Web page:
I recently watched a couple episodes of The Weight of the Nation on HBO.  I was fascinated that so much research is being done on obesity, yet people in this country are still extremely overweight and it's getting worse.  How can this be?  What I have come up with is a bunch of what I call, "Yes! But...s" which take some overly simplified generalizations about weight loss and dissect them a little bit further.  The truth is, almost everything you have read about weight loss online, or in magazines is probably true on some level, but utlimately we have to look back at anatomy and metabolic functions - the EMPIRICAL data - to figure out how to lose weight.  This is by no means a comprehensive list, but all of them relate to one-on-one conversations I've had with several people over the past couple of months.  Will this article help you?  Yes!  But...you actually have to read it.  Ready? 

 1) Losing weight is all about calories in, and calories out.

YES.  We burn a certain amount of calories per day based on our metabolism, age, weight, activity level (including exercise), genetics and climate.  If you eat fewer calories than you burn, you are in what we call a "caloric deficit" and you *should* burn off fat.


BUT, how come so many people try to simply eat less and don't lose weight?  Because not all calories are created equal.  While the national campaign against diabetes and obesity (as reflected in HBO's documentary The Weight of the Nation) focuses on eating less and avoiding fatty foods to lose weight and exercising to keep it off, there is an equally proven, yet less scientifically discussed theory that our body's insulin response is more linked to obesity than simply the amount of calories.  Insulin is an anabolic hormone, which means it STORES energy.  If you finish a workout and have depleted sugar stores, insulin will spike when you eat or drink something that has sugar and be stored in your muscles as glycogen.  This is why weight lifters often using a recovery drink after the workout, which helps the muscles repair and rebuild. However, any other time of day, eating the same sugary substance will result in the same insulin spike, but if you don't use the energy within about 30 minutes, it will be stored directly as fat. If your insulin levels are like a rollercoaster, you increase your chance of diabetes and your obesity snowballs.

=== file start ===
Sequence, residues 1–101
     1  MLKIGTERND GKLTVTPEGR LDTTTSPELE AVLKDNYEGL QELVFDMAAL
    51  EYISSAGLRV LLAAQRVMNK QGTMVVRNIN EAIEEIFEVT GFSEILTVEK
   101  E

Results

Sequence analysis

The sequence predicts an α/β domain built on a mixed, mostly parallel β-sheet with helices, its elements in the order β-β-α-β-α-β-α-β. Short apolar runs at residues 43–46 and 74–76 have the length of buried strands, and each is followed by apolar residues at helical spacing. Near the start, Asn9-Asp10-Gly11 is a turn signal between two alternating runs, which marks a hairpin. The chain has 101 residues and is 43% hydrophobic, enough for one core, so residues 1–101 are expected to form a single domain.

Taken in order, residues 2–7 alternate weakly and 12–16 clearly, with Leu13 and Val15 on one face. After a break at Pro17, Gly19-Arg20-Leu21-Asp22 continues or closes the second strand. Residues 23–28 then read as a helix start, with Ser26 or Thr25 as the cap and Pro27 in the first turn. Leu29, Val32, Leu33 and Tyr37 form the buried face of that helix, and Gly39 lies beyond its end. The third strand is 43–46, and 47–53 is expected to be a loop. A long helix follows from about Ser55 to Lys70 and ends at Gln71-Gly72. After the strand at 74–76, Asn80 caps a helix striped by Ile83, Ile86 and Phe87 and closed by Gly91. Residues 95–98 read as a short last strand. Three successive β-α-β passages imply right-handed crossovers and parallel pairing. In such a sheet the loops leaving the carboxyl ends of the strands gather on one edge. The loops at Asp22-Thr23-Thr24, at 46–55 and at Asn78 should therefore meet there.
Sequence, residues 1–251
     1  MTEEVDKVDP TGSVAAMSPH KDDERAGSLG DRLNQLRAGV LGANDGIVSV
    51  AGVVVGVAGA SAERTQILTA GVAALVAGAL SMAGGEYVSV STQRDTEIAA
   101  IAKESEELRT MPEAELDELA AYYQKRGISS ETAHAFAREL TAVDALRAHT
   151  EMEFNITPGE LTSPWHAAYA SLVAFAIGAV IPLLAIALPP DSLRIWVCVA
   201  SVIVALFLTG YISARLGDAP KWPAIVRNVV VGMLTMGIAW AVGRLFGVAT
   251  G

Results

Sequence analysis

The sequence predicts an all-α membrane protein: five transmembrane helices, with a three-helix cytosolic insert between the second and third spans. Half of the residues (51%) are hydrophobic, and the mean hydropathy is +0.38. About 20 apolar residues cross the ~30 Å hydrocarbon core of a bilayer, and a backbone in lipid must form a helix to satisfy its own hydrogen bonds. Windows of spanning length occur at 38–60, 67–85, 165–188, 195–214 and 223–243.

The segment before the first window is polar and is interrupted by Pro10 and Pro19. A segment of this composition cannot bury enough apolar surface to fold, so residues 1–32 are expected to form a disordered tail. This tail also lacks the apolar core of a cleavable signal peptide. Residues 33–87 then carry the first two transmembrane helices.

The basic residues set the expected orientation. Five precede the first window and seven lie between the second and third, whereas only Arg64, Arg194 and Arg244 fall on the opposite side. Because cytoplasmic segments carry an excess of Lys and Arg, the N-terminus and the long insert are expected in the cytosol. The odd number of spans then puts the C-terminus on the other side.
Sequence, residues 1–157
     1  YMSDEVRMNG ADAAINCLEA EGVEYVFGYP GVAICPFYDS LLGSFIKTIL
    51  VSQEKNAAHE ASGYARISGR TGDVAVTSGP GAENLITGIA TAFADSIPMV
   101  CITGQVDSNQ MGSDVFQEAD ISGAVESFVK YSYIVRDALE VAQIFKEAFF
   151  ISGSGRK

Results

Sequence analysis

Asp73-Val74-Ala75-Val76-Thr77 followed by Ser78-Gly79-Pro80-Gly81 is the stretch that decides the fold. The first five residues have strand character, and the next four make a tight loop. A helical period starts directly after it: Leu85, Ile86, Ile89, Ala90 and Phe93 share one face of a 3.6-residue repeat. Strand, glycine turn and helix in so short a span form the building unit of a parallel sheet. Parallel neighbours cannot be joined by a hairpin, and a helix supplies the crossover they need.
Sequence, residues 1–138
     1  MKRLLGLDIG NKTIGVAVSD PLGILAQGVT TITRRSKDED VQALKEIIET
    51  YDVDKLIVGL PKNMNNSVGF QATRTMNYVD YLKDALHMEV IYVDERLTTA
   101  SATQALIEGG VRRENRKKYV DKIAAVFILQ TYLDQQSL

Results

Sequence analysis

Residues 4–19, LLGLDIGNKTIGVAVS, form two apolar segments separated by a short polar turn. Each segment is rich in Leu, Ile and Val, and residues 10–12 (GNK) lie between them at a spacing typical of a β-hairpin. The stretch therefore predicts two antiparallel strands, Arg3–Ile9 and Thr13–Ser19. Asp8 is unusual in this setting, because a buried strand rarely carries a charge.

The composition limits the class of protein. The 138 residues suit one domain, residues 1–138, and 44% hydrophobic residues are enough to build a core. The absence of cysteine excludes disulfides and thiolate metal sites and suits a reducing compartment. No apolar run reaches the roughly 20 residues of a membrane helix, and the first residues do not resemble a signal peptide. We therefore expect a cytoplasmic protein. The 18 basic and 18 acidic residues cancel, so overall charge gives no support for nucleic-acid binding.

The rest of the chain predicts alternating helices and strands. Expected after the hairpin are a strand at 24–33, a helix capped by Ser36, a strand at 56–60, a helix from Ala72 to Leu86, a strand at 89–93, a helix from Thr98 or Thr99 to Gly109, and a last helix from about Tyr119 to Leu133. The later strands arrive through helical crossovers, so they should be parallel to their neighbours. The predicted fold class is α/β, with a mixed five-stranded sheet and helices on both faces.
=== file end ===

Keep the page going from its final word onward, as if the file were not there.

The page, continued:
Simple sugars cause this rollercoaster-like spike in insulin, while complex carbs, proteins, and fats sustain a more gradual rise in insulin.  Worst of all the sugars is fructose, which is mostly metabolized by liver cells, and can directly lead to fatty deposits in your liver, adding pounds of "invisible" weight (as opposed to flab) on your insides and is extremely pesky to get rid of.  In general your body doesn't look for fat stores in the liver to break down for energy.  A fatty liver is one of the main reasons people develop insulin resistance and diabetes.  This is further reason to avoid foods with high-fructose corn syrup, especially sodas!


So yes - portion control is extremely important and still a major factor in losing weight, but controlling sugar is the ONE major thing you can start working on now to get healthy.


2) Eating 5-6 small meals a day is the best way to diet, because it revs up your metabolism and you are constantly fueling your body!


YES! Especially for those of us doing athletic workouts, one thing you want to avoid is a major caloric deficit.  Looking at 24-hour blocks (otherwise known as "days") to rate our diet is our habit, but we really need to be thinking hour by hour.  "Starvation mode" isn't just about the total calories in and out during 24 hours, but if you go several hours without proper nutrition, you will have "mini-starvation modes" throughout the day, which means potentially teaching your body to store energy as fat, and burning up muscle during the deficit periods.  This means, skipping breakfast or going hungry late into the day are no-no's!